Woodpecker started his systematic research on how to live a happy life in a deep personal crisis in his early 20s, about 15 years ago now.
OMG, now Woodpecker seriously wants to bother us with Greek philosophers?
Yes, indeed, I’ll do that, because there is a lot to learn from these guys.
I think whenever an opus or book survives a time as long as 2000 years, and is still teached, sold and cited, it probably hit a very deep truth – otherwise it would long before have sorted out by history and dozens of generations of readers.
So, what did that guy say?
Well, basically he founded the first downshifting community on this planet.
His basic idea was that living a happy live it the highest goal in life.
The ultimate state of happiness is born out of a mental state of tranquility, freedom from fear and absence of bodily pain.
To reach this, one has to:
- live a modest and ethical live,
- increase one’s understanding of the world,
- reduce desire,
- cultivate friendship and
- avoid any source of negative feelings / any dis-pleasure.
The last bullet on pleasure is often misunderstood in a way that you should only look for pleasures and enjoy as many of them as you can to get happy.
This is not correct, as Epicurus was well aware of the costs and pain that focussing on pleasures can bring in the long run. Thus his notion to avoid any dis-pleasures.
So, enjoying a pleasure is fine, but take into account its cost (material and non-material) before going for it. By all means, arrange your life in a way to avoid situations where you experience unnecessary dis-pleasure.
|Example from Woodpeckers life:
Actually, I am not a confrontational guy. I am excellent in team-work and building things together, and I love interesting but civilized discussions on all sorts of things. However, I don’t like destructive or aggressive discussions, elbow-environments or open clash with others. This gives me personally a lot of dis-pleasure.
Shortly ago I recognised this when having an internet-discussion on a political issue.
As you might know, internet discussions tend to get aggressive quickly, as the restraints of face to face communications are missing. So did this one.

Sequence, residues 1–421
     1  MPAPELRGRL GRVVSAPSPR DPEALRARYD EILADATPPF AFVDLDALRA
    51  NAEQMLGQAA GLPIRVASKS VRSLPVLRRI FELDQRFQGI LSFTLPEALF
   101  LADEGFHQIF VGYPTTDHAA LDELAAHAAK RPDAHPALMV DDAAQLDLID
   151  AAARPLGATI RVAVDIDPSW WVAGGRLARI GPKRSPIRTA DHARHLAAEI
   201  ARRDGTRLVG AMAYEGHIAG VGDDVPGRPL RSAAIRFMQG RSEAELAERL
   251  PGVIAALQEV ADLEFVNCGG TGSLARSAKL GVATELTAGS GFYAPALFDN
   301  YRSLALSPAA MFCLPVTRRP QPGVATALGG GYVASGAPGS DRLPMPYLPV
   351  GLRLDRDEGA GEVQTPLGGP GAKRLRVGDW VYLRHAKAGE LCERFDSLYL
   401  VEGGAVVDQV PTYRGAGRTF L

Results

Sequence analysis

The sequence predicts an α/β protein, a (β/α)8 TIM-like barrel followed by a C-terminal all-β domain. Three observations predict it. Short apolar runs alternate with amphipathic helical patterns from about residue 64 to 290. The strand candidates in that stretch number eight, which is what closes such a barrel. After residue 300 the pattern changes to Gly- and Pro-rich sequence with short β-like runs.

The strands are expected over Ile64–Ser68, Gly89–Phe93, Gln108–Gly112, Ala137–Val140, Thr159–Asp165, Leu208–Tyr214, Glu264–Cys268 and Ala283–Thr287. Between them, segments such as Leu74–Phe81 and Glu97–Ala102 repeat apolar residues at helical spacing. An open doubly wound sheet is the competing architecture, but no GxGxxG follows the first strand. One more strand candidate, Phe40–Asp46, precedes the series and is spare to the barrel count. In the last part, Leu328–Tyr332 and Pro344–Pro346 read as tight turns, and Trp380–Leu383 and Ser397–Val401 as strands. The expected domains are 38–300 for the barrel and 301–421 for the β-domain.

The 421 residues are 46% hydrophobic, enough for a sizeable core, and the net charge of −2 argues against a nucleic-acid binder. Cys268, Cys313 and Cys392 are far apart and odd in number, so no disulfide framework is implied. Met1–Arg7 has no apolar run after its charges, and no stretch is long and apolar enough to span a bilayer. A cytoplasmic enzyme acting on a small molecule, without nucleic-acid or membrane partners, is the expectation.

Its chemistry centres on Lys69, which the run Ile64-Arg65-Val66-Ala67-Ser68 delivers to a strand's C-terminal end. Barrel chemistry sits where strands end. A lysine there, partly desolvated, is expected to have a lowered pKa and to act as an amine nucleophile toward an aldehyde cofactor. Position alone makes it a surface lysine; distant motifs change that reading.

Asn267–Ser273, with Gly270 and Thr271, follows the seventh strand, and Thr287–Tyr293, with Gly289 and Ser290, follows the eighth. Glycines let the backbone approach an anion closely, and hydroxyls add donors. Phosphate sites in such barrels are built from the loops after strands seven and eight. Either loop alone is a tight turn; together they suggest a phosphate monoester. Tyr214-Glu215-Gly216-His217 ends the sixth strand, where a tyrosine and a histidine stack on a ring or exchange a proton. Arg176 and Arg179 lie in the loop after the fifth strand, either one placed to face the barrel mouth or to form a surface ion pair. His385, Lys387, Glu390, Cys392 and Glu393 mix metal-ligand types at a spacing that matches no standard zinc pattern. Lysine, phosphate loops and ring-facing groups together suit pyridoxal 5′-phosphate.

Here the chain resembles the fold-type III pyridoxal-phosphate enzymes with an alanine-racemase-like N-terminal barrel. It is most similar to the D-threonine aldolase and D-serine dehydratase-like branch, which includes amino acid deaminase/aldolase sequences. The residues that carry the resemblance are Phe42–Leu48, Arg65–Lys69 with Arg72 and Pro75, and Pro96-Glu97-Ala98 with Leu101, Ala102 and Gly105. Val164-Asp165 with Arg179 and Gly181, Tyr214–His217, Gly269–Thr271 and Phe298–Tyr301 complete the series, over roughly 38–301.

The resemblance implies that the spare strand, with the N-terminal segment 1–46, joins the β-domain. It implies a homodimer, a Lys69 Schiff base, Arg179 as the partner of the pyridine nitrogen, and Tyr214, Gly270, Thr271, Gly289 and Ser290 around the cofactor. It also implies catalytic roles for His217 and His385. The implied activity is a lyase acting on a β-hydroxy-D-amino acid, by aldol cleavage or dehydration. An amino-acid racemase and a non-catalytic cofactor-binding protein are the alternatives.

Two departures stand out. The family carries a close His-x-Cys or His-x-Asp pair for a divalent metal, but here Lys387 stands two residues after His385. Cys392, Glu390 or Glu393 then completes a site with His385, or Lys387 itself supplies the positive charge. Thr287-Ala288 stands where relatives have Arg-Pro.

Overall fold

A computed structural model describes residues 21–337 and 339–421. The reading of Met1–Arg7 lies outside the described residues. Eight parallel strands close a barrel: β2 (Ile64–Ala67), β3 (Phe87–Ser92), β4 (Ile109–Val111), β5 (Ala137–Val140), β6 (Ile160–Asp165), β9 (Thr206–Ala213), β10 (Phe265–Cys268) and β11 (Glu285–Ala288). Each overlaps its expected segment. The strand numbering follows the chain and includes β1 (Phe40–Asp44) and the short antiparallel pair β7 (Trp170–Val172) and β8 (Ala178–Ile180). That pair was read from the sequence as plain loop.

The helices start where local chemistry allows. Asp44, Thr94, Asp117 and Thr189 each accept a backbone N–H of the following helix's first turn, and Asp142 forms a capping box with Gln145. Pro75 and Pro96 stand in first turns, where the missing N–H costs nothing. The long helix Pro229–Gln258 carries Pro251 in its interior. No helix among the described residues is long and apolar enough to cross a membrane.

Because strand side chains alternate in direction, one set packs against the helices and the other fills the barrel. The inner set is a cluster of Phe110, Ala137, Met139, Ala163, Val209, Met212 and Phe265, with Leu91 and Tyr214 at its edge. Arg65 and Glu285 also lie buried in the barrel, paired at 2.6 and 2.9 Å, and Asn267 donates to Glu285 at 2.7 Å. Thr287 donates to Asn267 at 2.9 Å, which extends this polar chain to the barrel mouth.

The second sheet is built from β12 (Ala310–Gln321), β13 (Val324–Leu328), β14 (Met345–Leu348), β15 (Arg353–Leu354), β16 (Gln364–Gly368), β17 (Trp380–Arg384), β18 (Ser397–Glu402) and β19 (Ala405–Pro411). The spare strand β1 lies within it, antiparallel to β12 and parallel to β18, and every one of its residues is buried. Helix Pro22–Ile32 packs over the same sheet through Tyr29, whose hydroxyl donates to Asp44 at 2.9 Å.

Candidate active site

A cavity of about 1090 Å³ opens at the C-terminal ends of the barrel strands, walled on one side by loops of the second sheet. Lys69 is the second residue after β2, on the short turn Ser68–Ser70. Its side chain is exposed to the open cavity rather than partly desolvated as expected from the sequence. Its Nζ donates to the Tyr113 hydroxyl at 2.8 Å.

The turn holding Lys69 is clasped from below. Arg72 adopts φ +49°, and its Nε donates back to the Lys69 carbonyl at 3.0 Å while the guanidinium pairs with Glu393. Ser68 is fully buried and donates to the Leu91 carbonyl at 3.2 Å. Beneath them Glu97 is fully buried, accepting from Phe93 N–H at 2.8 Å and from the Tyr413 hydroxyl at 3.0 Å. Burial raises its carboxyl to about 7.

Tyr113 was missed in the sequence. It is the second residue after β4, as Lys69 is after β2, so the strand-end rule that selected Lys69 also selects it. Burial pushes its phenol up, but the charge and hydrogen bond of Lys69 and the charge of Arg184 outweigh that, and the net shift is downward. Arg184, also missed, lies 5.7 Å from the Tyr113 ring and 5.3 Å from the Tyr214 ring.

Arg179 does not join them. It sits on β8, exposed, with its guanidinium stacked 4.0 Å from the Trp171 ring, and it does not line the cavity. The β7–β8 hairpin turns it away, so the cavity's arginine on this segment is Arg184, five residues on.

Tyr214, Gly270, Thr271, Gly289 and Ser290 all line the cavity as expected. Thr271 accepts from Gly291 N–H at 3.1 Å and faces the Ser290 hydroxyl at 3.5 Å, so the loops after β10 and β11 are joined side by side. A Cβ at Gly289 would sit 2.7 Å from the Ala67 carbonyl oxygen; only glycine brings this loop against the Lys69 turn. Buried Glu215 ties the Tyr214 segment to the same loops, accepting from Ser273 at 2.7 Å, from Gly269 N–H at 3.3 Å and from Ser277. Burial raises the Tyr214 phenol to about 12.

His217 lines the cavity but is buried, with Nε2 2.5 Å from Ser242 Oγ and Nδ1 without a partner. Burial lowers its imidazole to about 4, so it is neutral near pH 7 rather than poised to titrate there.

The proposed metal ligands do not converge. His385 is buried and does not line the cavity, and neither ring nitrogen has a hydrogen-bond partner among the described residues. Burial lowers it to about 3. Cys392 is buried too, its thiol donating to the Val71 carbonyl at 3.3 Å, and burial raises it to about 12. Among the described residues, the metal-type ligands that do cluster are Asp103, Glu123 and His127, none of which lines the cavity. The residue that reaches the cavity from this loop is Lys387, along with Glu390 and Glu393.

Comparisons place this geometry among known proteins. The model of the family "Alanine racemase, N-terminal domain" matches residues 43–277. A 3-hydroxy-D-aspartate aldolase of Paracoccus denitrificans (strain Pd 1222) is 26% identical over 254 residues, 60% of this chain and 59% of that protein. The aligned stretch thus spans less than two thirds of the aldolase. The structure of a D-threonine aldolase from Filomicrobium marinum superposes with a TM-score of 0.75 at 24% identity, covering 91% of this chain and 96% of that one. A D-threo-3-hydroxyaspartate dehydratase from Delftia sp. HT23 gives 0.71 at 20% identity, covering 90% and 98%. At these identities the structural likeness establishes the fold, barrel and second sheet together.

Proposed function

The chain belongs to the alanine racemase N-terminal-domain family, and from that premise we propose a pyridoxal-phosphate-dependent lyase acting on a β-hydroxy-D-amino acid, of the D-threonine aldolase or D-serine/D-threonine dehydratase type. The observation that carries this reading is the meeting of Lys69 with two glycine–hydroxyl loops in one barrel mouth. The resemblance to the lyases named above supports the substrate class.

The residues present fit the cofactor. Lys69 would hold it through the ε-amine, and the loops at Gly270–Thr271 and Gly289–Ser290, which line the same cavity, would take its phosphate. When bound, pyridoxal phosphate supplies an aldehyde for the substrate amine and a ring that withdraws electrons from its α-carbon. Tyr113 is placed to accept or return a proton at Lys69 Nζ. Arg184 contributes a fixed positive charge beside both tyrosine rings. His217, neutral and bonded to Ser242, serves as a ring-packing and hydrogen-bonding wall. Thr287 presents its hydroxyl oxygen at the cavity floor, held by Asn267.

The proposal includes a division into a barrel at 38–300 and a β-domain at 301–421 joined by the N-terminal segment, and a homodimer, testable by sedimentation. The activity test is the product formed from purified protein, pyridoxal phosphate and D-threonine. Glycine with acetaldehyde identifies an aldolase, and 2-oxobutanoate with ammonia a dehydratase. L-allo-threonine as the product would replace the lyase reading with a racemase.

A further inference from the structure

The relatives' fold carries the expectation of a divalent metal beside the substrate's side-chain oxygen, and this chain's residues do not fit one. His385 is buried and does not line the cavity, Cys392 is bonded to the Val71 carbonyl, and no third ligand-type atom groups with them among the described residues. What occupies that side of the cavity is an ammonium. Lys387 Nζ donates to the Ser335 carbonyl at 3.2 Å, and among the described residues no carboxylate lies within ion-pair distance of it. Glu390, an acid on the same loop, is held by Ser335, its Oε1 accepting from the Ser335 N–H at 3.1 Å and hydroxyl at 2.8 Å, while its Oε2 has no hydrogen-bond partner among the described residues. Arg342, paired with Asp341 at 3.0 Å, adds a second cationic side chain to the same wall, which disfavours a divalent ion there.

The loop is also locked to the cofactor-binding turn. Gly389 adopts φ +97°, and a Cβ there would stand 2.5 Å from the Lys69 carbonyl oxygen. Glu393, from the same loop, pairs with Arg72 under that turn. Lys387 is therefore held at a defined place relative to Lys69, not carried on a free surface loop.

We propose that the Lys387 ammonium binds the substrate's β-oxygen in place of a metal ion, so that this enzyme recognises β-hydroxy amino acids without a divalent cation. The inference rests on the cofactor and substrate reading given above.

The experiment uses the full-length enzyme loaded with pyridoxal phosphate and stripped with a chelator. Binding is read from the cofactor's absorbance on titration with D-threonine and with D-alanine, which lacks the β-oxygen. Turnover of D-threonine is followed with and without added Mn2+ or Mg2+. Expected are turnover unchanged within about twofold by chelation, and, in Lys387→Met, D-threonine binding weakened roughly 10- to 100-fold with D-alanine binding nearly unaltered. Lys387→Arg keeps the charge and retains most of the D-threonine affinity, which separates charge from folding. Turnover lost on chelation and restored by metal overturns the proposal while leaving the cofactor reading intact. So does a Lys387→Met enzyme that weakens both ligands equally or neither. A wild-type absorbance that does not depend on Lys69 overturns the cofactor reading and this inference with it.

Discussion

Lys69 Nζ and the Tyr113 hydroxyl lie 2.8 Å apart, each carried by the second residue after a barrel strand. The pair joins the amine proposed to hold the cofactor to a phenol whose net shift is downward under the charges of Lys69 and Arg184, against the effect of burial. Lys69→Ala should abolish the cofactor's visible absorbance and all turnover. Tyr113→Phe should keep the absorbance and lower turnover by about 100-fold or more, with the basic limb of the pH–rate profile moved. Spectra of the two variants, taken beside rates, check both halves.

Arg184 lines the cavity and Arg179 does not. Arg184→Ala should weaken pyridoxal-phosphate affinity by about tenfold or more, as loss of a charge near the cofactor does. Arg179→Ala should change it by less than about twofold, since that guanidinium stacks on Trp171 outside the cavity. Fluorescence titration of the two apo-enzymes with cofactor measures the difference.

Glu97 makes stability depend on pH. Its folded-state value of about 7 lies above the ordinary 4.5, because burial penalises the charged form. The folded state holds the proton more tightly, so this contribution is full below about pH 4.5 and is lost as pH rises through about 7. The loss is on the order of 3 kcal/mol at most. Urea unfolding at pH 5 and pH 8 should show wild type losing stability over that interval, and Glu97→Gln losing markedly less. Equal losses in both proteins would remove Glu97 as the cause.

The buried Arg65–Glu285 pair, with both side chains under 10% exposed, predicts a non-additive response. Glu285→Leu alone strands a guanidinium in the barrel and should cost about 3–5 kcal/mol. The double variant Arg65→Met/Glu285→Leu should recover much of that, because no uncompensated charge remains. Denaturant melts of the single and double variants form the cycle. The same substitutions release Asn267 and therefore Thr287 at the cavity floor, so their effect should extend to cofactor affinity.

So I realized that there is really no point continuing this kind of discussions. All arguments were exchanged, neither side was moving, no new insights were generated and the discussion had changed into a fight.
Same holds for my job which I had to switch two times until I found an environment that was fitting.So why not avoid this kind of situations and focus on situations where you feel comfortable and can excel in a more suitable environment?
This is the downshifting part in his philosophy.
Without any statistics and stuff he understood that accumulation of wealth, material things, fame and status is a false way, that ever creates new desires, instead of satisfying current ones.
Not much to say on this one. Social capital clearly is very important for happiness and deserves your utmost attention. See here.
Living an ethic live:
This is interesting, because it is an absolute constant in all serious philosophical and religious systems you will find.
All these systems claim that a prerequisite for a happy life is to live in an ethic (a morally correct) way.
So obviously it is fair to assume that this is correct – indeed human nature seems to be structured in a way that it has the desire to behave in a social and moral way. You see this very clearly in children, who have a built-in and often disturbingly correct compass for fairness and morality.
Over time this desire can be spoiled and our materialistic world does it’s fair share to corrupt human ethics, but I fully agree with Epicurus and the others:
Living an ethically correct live is in your own interest and necessary for a happy live. The reward is a firm standing, a peaceful feeling and and ease of mind that you can never reach if you pay homage to the “dark side”: Selfishness, greed, falseness, deception, you name it.